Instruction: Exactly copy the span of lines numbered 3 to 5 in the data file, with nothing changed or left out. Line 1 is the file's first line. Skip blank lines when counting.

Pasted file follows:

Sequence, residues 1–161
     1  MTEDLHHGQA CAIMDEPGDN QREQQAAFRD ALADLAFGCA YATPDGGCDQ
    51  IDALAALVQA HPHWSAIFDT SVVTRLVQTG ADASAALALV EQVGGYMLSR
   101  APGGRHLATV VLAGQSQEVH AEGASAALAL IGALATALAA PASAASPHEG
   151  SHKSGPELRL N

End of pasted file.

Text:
    51  IDALAALVQA HPHWSAIFDT SVVTRLVQTG ADASAALALV EQVGGYMLSR
   101  APGGRHLATV VLAGQSQEVH AEGASAALAL IGALATALAA PASAASPHEG
   151  SHKSGPELRL N